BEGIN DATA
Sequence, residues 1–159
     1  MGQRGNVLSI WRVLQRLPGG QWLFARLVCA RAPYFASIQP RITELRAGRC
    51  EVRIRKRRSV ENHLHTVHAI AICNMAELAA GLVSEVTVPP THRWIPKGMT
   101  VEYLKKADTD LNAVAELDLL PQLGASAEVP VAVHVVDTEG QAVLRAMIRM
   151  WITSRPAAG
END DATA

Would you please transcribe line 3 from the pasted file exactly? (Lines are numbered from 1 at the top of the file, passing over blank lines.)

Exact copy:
    51  EVRIRKRRSV ENHLHTVHAI AICNMAELAA GLVSEVTVPP THRWIPKGMT